I would like to explain why I think backing Give a Book’s crowdfunding campaign, to support 10 new Breakfast Book Clubs in schools in 2021, is an extremely worthwhile thing to do.

Breakfast clubs are an ideal environment to run reading and cross-age activities because the children are present in mixed ages, many of them for a full hour together, so they have plenty of time to eat their healthy breakfast and engage in activities.

We know that Ofsted approve of children engaging in enriching cross-age activities, such as reading, in this valuable hour before school: ‘The inspector commented positively on the reading focus at the sessions. (During Breakfast Club) He commented on the excellent peer support and skills in questioning.’ Emma Bolton – Headteacher, Queens Park Academy, Bedford 2019

When Give a Book generously supported a Book Club to run alongside the Breakfast Club Reading Pals project the results surpassed all of our expectations. Training and resources were given to Older Reading Pals, so they could be responsible for running Reading Pals and the Book Club, with only light touch supervision from Breakfast Staff. The Monitors set-up the resources, paired up the older and younger readers and made sure their progress was recorded. They gave out reward stickers and encouragement and then put all of the resources away, before going to class. The school chose children who regularly attended the club, who would benefit from having some additional responsibility to help their confidence and self-esteem and who needed additional encouragement to attend regularly and on time.

Initially the cross- age pairs would use the Reading Pals structure of levelled books and pre-written scaffold scripts. After a while, having gained experience in all levels of comprehension questions and gaining confidence in talking to their peers about books, the children would move onto choosing books from the Book Club. Reading Pals provided the training and the Give a Book Book Club provided the wide range of modern, stimulating books needed to keep the children engaged in reading. The Monitors acted as librarians, helping the children to choose a book they would enjoy and booking it out for them to take home. Many of the children would have a very limited choice of books at home and it was easy to tell from their excitement that it was a real treat to have such a wide choice.

An outcome that was extremely positive for some of the more vulnerable children, is that the Older Pals asked staff if they could write in the children’s reading record homework books. Some of the parents were not reading with the children at home, or writing in their reading record books. This can be quite stressful and demoralising for children who don’t have the satisfaction of having completed their homework and can’t make the same progress as their peers. While schools continued to work with parents to engage them in this process, it was possible for these children to read in the Breakfast Book Club and the Older Pal would listen, discuss and write a comment in their reading record book for the teacher to read. This meant these children could start the school day positively, without worrying about not having evidence of having read at home.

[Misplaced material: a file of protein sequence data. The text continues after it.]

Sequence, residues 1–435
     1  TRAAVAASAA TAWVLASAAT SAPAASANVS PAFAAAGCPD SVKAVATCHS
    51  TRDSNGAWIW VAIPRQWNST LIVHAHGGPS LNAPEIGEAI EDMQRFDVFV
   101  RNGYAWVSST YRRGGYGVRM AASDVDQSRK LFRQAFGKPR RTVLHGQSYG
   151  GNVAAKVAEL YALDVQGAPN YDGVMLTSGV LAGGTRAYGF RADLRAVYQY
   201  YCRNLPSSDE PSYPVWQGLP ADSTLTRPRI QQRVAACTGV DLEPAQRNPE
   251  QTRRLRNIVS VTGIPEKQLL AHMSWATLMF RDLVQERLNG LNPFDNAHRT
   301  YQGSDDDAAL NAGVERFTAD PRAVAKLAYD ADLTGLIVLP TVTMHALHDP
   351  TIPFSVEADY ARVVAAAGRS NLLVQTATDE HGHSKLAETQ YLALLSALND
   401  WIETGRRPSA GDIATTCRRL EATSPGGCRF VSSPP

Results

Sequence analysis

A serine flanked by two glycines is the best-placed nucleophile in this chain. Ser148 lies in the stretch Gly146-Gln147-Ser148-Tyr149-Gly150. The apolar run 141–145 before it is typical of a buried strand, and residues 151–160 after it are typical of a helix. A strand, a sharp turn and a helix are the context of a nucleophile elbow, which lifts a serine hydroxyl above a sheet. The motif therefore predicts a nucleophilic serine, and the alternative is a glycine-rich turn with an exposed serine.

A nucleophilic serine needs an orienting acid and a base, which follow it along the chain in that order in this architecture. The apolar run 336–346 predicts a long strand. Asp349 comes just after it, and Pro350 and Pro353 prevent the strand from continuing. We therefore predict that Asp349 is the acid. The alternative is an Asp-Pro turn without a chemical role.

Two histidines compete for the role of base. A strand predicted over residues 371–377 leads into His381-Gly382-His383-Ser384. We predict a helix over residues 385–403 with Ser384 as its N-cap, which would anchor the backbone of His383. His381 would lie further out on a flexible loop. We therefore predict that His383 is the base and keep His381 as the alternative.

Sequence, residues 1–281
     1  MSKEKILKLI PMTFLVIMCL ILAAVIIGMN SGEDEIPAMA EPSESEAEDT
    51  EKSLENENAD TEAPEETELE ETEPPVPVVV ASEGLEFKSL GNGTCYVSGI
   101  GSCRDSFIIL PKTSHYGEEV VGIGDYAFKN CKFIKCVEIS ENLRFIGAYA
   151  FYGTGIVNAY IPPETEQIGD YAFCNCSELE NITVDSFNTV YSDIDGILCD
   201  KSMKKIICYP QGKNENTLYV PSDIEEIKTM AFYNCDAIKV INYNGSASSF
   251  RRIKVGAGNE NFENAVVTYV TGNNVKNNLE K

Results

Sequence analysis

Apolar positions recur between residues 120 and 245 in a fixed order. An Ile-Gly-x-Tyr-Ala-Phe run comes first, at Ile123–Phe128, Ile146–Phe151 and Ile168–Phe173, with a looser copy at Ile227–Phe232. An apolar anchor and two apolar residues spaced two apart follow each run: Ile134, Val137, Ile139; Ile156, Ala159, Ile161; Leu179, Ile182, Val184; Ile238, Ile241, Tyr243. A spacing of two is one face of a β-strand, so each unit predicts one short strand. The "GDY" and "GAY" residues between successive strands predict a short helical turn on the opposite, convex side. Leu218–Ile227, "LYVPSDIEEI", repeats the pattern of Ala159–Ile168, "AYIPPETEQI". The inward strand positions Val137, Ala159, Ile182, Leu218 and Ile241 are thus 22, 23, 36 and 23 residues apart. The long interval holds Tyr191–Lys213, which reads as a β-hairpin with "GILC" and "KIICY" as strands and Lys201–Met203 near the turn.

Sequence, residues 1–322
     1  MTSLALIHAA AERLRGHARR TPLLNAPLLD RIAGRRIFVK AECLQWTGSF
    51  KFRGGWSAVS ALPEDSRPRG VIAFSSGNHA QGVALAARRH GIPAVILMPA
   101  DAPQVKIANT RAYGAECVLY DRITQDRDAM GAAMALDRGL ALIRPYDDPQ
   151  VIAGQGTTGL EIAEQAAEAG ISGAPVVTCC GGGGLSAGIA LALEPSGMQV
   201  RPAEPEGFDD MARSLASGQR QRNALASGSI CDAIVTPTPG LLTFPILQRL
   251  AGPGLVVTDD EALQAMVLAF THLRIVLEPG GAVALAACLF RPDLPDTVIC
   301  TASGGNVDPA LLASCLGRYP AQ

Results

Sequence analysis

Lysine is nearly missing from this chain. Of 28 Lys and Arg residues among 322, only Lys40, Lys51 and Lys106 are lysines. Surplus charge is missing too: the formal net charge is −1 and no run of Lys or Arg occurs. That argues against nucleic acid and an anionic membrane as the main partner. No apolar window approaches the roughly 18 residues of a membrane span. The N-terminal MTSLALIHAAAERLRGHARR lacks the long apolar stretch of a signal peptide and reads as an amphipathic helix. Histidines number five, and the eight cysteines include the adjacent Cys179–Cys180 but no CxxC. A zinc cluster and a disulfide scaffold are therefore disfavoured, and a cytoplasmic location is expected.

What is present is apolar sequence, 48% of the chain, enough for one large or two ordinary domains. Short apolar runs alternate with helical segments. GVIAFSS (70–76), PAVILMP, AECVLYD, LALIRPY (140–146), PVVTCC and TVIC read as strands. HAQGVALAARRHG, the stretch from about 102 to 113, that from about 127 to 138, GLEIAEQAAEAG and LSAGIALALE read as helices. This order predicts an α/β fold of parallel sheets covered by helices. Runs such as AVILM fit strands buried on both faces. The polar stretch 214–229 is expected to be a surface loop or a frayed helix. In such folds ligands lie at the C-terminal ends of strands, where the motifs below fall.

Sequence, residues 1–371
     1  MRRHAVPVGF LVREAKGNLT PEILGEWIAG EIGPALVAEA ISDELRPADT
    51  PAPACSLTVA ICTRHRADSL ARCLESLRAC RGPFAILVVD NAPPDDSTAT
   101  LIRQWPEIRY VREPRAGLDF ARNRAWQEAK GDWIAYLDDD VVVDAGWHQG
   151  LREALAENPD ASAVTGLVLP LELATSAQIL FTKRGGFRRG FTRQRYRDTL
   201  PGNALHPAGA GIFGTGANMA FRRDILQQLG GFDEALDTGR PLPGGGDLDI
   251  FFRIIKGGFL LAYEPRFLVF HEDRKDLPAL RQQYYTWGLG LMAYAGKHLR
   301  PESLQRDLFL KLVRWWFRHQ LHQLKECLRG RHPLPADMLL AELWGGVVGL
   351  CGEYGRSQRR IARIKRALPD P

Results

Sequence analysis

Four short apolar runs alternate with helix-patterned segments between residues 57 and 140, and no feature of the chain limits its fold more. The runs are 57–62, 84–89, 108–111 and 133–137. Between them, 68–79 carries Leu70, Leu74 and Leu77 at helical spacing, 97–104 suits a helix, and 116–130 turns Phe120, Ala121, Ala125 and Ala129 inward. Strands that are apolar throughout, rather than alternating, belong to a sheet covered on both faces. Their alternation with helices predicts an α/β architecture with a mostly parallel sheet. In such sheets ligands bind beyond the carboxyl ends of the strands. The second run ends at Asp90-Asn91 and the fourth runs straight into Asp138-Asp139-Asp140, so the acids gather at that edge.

The age range of the children in the breakfast club meant that the older children could provide a positive role model of engaging in reading and sharing with younger children which authors they enjoyed.

Give a Book also provide stationary and many of the children spontaneously used their writing books to write reviews or start writing their own stories.

Some people might say that Breakfast Club should be a time to relax and this is true. What we experienced is that children who were free to choose other activities in the club, chose to engage in the reading activities at least once a week, some children chose reading every day. They were attracted to being able to actively engage with older or younger peers and to the lovely, new books on offer.

St Aloysius Infants School, Camden

The Learning Mentor used Reading Pals as the reason to invite children, she considered to be most vulnerable, to come to a free, targeted breakfast club. She nominated Monitors who would set-up and put away the books and the children worked independently, leaving her free to supervise the breakfast. All children were expected to eat their healthy breakfast first. There were other activities available so the children could rotate activities but many chose to do Reading Pals every morning. There was a significant positive impact on attendance, lateness and behaviour issues in class for the children who joined the breakfast provision. Using Reading Pals as the reason for the invitation meant more parents brought their children to school earlier and it removed stigma associated with an invitation based on low income alone.

The Forest Academy – Rebecca Hancock, Literacy Coordinator, PhD with specialist interest in literacy

Good news though… We kicked PALS off last Friday. It’s going really well. Each person has their own partner that they always read with – I’ve done it this way so that we always have the two year age gap.Every member has their own pass/badge that they wear all day (and love). They also receive one sticker every time they read and a bonus point (points they collect to spend in the prize shop) if they read two days in a row. We are going to have ‘reading pair of the week’ in our celebration assemblies too.’

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